The Ripple Advisor’s crypto connections end the appointment as banking regulator

Michael Barr is no longer considered to take on Brian Brooks’ role as Treasury Department’s currency auditor.

Barr faced “a stream of Liberal Democratic opposition,” Bloomberg reported this week.

His work for cryptocurrency companies was part of his undoing, the New York Times added on the same day.

Barr, an Obama-era finance officer, has been “rejected by progressives who view him as being too moderate and fear his work for cryptocurrency companies,” the Times’ DealBook column said.

As a former member of the advisory board of international payment services company Ripple, Barr was part of a trio of crypto-related financial regulators nominated or audited by President Joe Biden’s administration. Former MIT professor of digital assets and blockchain, Gary Gensler, is currently confirmed as chairman of the Securities and Exchange Commission (SEC), while DC Fintech Week conference leader Chris Brummer has the option to chair the commodity futures trading commission (CFTC).

The office of currency auditor that oversees the country’s largest banks, including Citigroup and JPMorgan Chase, gained prominence in the cryptocurrency industry when Brooks stepped down as Coinbase’s general counsel last March to take the role.

During his 10-month tenure as Acting Comptroller, Brooks made a number of very important decisions, including bank custody of cryptocurrency and the use of stablecoins for payments – the latter CEO of USDC issuer Circle, Jeremy Allaire, tweeted: “[t]This is a HUGE way to start 2021. Brooks also issued the industry’s first Bundesbank charter to cryptocurrency administrator Anchorage.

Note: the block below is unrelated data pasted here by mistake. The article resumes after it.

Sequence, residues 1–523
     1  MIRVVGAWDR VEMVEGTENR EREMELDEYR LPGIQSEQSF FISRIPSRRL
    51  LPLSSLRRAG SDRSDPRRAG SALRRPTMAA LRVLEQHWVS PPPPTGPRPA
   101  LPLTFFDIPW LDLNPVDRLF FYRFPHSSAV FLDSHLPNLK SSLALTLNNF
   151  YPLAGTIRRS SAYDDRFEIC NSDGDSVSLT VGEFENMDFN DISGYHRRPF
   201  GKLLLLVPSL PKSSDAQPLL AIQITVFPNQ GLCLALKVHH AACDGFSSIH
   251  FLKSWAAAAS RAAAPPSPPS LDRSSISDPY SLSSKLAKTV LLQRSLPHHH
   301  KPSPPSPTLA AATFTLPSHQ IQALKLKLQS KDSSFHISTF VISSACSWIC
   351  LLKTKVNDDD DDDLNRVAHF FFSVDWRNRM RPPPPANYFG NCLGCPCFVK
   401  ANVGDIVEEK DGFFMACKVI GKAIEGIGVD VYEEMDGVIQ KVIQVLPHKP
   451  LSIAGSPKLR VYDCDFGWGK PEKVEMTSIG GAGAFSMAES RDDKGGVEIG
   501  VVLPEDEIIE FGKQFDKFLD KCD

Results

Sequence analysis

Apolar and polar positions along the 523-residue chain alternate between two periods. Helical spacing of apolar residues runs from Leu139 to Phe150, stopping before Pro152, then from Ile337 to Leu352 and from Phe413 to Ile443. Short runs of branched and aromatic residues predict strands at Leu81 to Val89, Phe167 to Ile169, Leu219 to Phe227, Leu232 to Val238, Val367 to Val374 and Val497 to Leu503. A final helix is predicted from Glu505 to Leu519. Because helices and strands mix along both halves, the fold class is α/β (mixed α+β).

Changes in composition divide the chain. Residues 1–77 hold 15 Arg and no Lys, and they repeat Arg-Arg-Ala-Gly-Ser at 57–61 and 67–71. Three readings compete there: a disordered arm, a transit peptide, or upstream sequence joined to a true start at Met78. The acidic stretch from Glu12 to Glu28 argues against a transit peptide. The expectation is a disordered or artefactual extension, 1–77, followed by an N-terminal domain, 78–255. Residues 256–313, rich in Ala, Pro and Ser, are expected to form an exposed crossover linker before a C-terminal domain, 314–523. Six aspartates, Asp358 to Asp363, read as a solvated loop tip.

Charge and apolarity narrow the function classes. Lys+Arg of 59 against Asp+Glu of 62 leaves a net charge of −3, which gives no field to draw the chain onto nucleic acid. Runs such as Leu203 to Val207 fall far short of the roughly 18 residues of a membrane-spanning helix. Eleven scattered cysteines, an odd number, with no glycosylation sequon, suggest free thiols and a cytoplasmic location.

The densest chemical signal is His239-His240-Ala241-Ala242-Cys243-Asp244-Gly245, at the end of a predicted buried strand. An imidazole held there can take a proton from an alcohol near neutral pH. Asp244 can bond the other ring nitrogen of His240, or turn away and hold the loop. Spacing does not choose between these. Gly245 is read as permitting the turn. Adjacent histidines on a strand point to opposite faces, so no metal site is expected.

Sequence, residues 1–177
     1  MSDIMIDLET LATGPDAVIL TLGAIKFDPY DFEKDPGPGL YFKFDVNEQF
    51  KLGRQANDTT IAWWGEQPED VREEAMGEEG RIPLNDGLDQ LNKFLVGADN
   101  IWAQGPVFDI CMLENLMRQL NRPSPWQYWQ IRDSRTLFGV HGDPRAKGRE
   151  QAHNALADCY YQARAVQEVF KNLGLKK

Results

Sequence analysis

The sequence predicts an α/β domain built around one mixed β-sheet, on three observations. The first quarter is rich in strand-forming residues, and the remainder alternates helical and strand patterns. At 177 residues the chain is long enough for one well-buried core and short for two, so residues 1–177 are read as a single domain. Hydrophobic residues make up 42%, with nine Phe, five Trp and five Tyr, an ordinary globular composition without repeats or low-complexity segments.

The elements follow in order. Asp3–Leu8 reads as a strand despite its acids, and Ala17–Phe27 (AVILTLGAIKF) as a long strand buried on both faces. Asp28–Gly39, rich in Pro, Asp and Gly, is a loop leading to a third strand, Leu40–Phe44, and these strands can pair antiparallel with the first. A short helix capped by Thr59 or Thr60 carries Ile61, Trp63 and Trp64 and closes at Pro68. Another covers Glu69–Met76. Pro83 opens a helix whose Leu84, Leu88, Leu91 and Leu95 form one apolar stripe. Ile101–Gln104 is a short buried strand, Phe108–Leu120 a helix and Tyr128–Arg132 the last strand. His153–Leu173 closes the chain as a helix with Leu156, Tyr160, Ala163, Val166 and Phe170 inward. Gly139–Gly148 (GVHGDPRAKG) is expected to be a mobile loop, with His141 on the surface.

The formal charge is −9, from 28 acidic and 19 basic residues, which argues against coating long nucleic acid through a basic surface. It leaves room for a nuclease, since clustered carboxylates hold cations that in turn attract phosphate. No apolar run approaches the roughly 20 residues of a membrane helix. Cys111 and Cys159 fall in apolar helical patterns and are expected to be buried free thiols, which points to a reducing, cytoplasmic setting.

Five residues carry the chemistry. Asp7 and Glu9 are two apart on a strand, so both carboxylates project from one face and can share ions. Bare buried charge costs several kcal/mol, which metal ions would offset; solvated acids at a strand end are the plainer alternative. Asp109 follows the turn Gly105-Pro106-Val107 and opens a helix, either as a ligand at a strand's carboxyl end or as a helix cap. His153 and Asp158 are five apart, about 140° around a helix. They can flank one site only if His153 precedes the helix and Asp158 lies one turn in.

Stablecoin regulation has been the target of progressive Congressional Democrats like Rep. Rashida Tlaib (D-MI), and Brooks’ actions led American bankers to dub him “one of the most active and controversial temporary regulators of recent times”.

Barr, Assistant Secretary of the Treasury for Financial Institutions under President Barak Obama, helped draft the 2010 Dodd-Frank Reform and Consumer Protection Act on Wall Street, which introduced severe reforms to financial regulations following the major mortgage crisis of 2008-2009.

He is currently Dean of the Gerald R. Ford School of Public Policy at the University of Michigan and Professor at the Law School teaching financial regulation and international finance. He co-founded the school’s International Transactions Clinic.

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